Her most famous overseas trip was the five-week South Pacific tour of 1943. Travelling as an ambassador for the American Red Cross, she was flown 25,000 miles on a four-engine military plane, the Liberator, from San Francisco to Hawaii, on to the Pacific Islands, New Zealand and Australia, and back again.

In Australia, thousands lined the streets of Melbourne, Sydney and Brisbane to greet her. In Canberra, she became the first woman ever to be an official guest at a luncheon at Parliament House. Prime Minister John Curtin toasted her by saying “you are one of the most distinguished figures of our age”.

‘ER’ with Prime Minister John Curtin on her trip to Australia in 1942. Photo: ozatwar.com

The First Lady dutifully reported interesting observations about Australia in her widely syndicated My Day column. Privately, however, she found the official engagements exhausting and trivial compared with her core mission of visiting US service personnel. In her 1949 memoir This I Remember, it was the impact of meeting American GIs in military hospitals that lingered with her. She wrote:

The Pacific trip left a mark from which I think I shall never be free.

Roosevelt’s My Day column ran six days a week from 1935 to mere weeks before her death in 1962. In that time, she only ever missed four days – when her husband collapsed and died, just months into his historic fourth term in office in April 1945.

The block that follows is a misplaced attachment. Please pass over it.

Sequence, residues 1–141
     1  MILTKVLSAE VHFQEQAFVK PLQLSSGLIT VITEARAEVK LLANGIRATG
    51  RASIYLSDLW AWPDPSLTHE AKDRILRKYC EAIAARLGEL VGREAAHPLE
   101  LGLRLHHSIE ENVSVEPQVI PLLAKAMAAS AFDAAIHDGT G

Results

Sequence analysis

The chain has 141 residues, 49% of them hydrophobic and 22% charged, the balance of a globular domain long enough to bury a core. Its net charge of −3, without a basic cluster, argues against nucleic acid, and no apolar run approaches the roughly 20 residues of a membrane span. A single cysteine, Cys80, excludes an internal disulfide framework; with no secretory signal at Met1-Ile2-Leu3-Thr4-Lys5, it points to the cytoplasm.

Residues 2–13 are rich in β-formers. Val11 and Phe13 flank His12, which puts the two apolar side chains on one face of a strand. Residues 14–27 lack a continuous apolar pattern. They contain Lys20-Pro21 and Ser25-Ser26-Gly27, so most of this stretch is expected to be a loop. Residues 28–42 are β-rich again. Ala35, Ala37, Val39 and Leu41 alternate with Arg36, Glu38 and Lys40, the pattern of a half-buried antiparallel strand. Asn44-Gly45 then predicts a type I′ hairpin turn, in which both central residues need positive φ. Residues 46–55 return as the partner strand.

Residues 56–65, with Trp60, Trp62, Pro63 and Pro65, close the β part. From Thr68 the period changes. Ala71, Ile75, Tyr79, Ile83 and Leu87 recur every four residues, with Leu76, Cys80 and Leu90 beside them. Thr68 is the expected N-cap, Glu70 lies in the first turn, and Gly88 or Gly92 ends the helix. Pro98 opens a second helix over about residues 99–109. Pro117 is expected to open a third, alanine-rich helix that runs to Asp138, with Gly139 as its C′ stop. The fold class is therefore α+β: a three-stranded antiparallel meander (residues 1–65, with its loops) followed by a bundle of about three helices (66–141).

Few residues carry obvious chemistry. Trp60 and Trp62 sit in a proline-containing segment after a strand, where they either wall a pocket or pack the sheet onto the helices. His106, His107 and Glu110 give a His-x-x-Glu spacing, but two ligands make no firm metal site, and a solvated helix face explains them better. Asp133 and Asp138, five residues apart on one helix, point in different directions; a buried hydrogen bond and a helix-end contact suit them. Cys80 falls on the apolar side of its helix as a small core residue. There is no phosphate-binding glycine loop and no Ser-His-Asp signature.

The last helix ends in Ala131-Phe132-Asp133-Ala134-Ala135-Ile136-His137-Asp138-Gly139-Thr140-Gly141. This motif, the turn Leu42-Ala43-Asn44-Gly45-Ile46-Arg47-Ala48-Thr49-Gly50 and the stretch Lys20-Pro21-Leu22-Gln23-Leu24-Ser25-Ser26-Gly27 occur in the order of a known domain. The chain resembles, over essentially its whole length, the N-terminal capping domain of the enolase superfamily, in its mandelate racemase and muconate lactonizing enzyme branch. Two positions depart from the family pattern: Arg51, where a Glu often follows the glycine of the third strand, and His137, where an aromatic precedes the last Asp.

Not long after, the next phase of her life began when FDR’s successor Harry Truman appointed her US delegate to the United Nations, declaring her “First Lady of the World”. As Chairperson of the Commission on Human Rights (1946-51), she was a driving force in the drafting and adoption of the Universal Declaration of Human Rights in 1948 – although not the only one.

As First Lady, Eleanor Roosevelt was admired, but controversial. Now, she frequently tops US polls as the most popular First Lady in history. Fascination with her life and character has only increased, indexed by a steady stream of books focused on her private life — her marriage to womaniser FDR, her passionate friendships with women and men, who may or may not have been lovers – as well her public achievements.

Amy Bloom’s 2018 novel White Houses, fictionalising Eleanor’s relationship with journalist Lorena “Hick” Hickock, was a bestseller, as is the most recent biography by David Michaelis, Eleanor, released late last year.

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In 1968, Eleanor Roosevelt was posthumously awarded the UN Human Rights Prize and in 1998, the United Nations Association of the USA inaugurated the Eleanor Roosevelt Human Rights Award.

For Hillary Clinton, the former first lady most often compared to Roosevelt, Eleanor was so inspirational she is rumoured to have held imaginary conversations with her at crossroads in her political career.

Finally, inspirational quotes that Eleanor Roosevelt actually said or wrote continue to circulate. To end with one that captures how she herself redefined the possibilities of leadership:

A good leader inspires people to have confidence in the leader. A great leader inspires people to have confidence in themselves.

Zora Simic, Senior Lecturer, School of Humanities, UNSW

This article is republished from The Conversation under a Creative Commons license. Read the original article.The Conversation